Olympic-bound cyclist reflects on first pro year: 2020 pushed me out of my comfort zone

TT cyclist Teniel Campbell, left, signs a two-year contract with Australian team Mitchelton-Scott 
in Italy recently. -
TT cyclist Teniel Campbell, left, signs a two-year contract with Australian team Mitchelton-Scott in Italy recently. -

TENIEL Campbell’s two-year contract with Australian pro cycling team Mitchelton-Scott climaxed a year of mixed emotions and performances for one of cycling’s most promising young talents.

On October 13, 2019, the 23-year-old completed a two-year training programme at the International Cycling Union (UCI) World Cycling Centre in Aigle, Switzerland.

Five days later, Campbell was selected to join Italian-based UCI Women’s Continental team Valcar Travel & Service and became TT’s first female cyclist to secure a pro contract.

On October 23, 2019, she attained the status of the first female cyclist from the English-speaking Caribbean to qualify for the Olympic Games.

Campbell’s historic Olympic qualification was highly dependent on her stay at the WCC since she was able to compete on the biggest stage and alongside the world’s highest-ranked athletes.

Her largest haul of Olympic qualifier points came in 2019 courtesy two silver medal performances at the Pan American Games Road Race and at the Women’s Tour of Thailand and a bronze at the Pan American Championships Road Race. In December, 2019, she travelled to Italy for her debut as a pro athlete. Although abroad, the Valcar Travel & Service rider was duly rewarded for her efforts and claimed the TT Olympic Committee’s (TTOC) Sportswoman of the Year award.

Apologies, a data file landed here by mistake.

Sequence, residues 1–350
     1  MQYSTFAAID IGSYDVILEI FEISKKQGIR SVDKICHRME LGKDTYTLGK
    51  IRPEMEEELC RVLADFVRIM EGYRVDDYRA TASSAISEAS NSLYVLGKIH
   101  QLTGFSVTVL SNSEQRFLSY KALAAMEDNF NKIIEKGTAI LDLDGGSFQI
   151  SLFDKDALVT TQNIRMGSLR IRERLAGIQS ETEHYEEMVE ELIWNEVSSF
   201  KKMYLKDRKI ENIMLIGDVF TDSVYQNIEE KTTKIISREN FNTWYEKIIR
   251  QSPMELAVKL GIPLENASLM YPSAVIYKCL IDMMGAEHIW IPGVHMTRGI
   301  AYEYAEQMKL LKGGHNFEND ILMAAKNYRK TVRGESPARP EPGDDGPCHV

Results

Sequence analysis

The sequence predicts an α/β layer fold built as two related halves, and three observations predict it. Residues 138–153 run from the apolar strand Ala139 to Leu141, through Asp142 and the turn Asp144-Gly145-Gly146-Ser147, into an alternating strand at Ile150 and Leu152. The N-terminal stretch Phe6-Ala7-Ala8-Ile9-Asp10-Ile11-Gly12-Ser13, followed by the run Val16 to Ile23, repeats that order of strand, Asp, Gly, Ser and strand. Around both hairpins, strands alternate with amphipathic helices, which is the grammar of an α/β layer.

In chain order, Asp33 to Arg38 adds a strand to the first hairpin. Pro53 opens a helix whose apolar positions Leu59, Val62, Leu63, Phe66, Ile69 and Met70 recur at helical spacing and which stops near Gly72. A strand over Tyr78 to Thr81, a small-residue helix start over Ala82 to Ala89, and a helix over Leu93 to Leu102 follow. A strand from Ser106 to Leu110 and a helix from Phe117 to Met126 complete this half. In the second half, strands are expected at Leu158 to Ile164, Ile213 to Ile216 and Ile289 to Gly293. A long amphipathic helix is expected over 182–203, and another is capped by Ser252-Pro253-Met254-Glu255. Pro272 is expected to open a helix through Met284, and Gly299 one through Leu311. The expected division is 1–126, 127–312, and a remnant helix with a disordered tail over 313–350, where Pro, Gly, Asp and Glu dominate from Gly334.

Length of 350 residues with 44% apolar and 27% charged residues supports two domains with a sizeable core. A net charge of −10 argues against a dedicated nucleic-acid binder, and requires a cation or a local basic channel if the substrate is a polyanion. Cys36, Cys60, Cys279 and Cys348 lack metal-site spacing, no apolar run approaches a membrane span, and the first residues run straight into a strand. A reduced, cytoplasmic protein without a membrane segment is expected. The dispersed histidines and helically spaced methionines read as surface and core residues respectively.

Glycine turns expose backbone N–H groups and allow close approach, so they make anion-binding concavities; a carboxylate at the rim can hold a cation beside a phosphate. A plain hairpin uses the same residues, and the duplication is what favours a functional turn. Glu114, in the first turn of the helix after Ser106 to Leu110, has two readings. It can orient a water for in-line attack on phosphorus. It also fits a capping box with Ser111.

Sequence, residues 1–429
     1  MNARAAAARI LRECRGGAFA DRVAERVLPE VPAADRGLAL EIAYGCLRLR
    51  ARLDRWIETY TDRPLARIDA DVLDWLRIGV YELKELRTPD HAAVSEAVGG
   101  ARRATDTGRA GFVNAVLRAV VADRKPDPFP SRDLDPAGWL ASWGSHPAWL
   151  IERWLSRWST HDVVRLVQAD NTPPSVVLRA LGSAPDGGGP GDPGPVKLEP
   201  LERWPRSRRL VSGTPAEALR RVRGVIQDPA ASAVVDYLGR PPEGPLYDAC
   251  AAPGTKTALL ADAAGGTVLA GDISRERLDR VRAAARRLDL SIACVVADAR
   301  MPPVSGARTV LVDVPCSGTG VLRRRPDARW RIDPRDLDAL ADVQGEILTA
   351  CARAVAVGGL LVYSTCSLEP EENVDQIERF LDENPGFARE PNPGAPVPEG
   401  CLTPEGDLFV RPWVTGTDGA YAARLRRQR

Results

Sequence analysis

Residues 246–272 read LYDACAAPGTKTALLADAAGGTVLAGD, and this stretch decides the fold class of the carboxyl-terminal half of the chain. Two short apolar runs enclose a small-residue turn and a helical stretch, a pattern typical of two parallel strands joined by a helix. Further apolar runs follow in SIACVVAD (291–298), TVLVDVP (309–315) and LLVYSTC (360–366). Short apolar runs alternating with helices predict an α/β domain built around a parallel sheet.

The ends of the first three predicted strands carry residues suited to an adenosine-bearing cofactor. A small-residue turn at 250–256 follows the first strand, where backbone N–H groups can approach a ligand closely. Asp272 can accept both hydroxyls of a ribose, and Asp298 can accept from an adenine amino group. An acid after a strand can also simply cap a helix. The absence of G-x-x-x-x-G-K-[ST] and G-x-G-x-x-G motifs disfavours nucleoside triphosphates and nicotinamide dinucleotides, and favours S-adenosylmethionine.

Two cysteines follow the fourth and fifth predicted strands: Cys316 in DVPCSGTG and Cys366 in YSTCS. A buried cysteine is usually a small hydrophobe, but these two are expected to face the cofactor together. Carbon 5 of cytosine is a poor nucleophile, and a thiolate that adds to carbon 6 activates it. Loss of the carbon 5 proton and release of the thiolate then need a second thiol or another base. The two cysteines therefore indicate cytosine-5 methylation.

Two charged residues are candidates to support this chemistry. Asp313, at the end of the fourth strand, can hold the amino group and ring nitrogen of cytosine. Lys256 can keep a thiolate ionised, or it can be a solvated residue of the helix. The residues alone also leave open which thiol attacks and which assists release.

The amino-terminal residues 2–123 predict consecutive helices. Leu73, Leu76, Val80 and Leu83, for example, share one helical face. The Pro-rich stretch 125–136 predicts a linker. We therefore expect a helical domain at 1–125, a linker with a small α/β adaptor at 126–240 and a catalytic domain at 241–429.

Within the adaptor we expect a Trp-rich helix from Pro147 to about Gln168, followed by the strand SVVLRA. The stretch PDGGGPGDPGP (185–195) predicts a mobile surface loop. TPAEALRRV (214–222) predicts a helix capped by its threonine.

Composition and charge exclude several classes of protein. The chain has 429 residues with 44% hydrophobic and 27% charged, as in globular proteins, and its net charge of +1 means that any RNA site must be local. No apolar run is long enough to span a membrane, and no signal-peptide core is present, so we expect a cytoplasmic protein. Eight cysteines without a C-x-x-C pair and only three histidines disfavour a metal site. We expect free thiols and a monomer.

This was the second time Campbell was recognised by the Olympic fraternity, having won the recently-introduced Future is Female award in 2018.

Seven weeks after joining her new club, Campbell had a wondrous start to her pro career by pedalling to bronze in her debut event – Vuelta CV Féminas in Valencia, Spain – in February 2020.

In this file
photo, TT Teniel Campbell has some fun on her bike in Valencia, Spain, with her team Valcar
Cylance. -

On March 1, she showed grit on the European circuit by holding on to fifth at the Omloop van het Hageland in Belgium. Again, on April 13, she was recognised for her achievements and rode away with the First Citizens Sports Foundation 2019 Sportswoman of the Year award.

However, when the pandemic struck in mid-March, all cycling events were shut down and Italy soon rose to become the most covid19-affected country in the world.

Campbell, who only arrived in Europe just three months prior, was forced to significantly reduce her outdoor activity to protect herself from the novel virus. The young Hardbargain, Williamsville, resident was still very new to Italy and was now mandated to isolate herself.

“It was pretty challenging due to covid19. Being alone for two months inside a house can really drive someone crazy if you look at it negatively. I think this year really pushed me out of my comfort zone. I just started talking more and opening up a bit and reaching out for help.